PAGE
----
In 1854, the Saint Louis cemeteries again expanded with the establishment of Saint Louis Cemetery No. 3. Located on Esplanade Avenue, Cemetery No. 3 is by far the largest of the three Saint Louis cemeteries and built on a site that, during the 18th century, was known as “Leper’s Land.” This was where the city’s lepers were exiled and then buried by order of then Governor Galvez, according to Robert Florence in New Orleans Cemeteries: Life in the Cities of the Dead. The tombs of Cemetery No. 3 sit on top of the leper’s graveyard.

Their Significance:

When walking through any of the Saint Louis cemeteries, visitors encounter the final resting place of many of the most prominent citizens in New Orleans’ history, as well as the not so prominent. Buried in these tombs are the remains of the rich and the poor, the famous and the infamous, those that died in battle and those that died battling disease. The most famous (or infamous) of these is the tomb of acclaimed Voodoo Queen Marie Laveau. Located in Cemetery No. 1, the Marie Laveau tomb attracts thousands of visitors each year.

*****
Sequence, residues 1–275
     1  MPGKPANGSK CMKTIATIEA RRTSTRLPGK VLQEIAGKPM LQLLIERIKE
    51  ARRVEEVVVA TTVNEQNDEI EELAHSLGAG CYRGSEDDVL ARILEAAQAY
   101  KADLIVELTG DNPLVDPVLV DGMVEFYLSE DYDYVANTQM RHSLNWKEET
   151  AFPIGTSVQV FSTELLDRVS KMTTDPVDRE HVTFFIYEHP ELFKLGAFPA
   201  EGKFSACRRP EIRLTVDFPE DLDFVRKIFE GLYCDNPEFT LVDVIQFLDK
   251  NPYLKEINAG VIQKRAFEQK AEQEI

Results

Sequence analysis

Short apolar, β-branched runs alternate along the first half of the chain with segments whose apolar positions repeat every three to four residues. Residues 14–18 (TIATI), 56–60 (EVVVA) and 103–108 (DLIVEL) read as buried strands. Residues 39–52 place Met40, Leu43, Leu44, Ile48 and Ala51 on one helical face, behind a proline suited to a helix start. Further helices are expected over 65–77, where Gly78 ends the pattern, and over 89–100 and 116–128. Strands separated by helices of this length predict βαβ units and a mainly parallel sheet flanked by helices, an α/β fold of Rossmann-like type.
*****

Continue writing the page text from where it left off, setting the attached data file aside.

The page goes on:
While the Saint Louis cemeteries are popular tourist attractions, they are also valuable historic resources, serving as documentation of cultural traditions. They highlight the unique architecture and artistry of the tombs, many of which are signed by stone carvers, much like an artist signs his paintings. Researchers study the inscriptions on closure tablets, revealing important information on topics such as the spread of disease, allowing the mapping of the spread of Yellow Fever during an epidemic. Genealogists use inscriptions in their research of family histories since many of these tombs pre-date state and parish records. Without preservation, these links to the past are at risk of being lost forever.

St. Louis No. 2 Cemetery
St. Louis No. 2 Cemetery
The Cemeteries Today: